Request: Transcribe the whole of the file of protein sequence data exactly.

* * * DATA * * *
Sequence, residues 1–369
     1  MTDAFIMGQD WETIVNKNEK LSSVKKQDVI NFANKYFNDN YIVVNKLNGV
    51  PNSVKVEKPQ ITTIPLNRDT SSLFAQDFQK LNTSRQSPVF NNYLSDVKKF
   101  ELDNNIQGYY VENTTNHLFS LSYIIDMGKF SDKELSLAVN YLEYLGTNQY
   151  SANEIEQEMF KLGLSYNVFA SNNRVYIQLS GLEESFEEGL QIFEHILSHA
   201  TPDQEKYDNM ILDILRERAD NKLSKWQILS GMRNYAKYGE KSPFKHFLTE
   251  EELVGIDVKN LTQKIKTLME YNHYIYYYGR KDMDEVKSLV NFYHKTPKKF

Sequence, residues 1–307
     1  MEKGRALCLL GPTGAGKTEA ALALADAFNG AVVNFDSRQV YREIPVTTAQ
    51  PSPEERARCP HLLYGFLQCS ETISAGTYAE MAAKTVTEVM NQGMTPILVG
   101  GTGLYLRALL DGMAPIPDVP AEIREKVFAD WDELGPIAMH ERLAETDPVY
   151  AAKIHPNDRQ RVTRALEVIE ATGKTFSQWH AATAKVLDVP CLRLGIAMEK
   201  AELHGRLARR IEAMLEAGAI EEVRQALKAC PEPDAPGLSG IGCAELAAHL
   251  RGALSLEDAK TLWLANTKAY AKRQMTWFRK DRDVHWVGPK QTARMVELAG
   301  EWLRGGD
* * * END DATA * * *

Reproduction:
Sequence, residues 1–369
     1  MTDAFIMGQD WETIVNKNEK LSSVKKQDVI NFANKYFNDN YIVVNKLNGV
    51  PNSVKVEKPQ ITTIPLNRDT SSLFAQDFQK LNTSRQSPVF NNYLSDVKKF
   101  ELDNNIQGYY VENTTNHLFS LSYIIDMGKF SDKELSLAVN YLEYLGTNQY
   151  SANEIEQEMF KLGLSYNVFA SNNRVYIQLS GLEESFEEGL QIFEHILSHA
   201  TPDQEKYDNM ILDILRERAD NKLSKWQILS GMRNYAKYGE KSPFKHFLTE
   251  EELVGIDVKN LTQKIKTLME YNHYIYYYGR KDMDEVKSLV NFYHKTPKKF

Sequence, residues 1–307
     1  MEKGRALCLL GPTGAGKTEA ALALADAFNG AVVNFDSRQV YREIPVTTAQ
    51  PSPEERARCP HLLYGFLQCS ETISAGTYAE MAAKTVTEVM NQGMTPILVG
   101  GTGLYLRALL DGMAPIPDVP AEIREKVFAD WDELGPIAMH ERLAETDPVY
   151  AAKIHPNDRQ RVTRALEVIE ATGKTFSQWH AATAKVLDVP CLRLGIAMEK
   201  AELHGRLARR IEAMLEAGAI EEVRQALKAC PEPDAPGLSG IGCAELAAHL
   251  RGALSLEDAK TLWLANTKAY AKRQMTWFRK DRDVHWVGPK QTARMVELAG
   301  EWLRGGD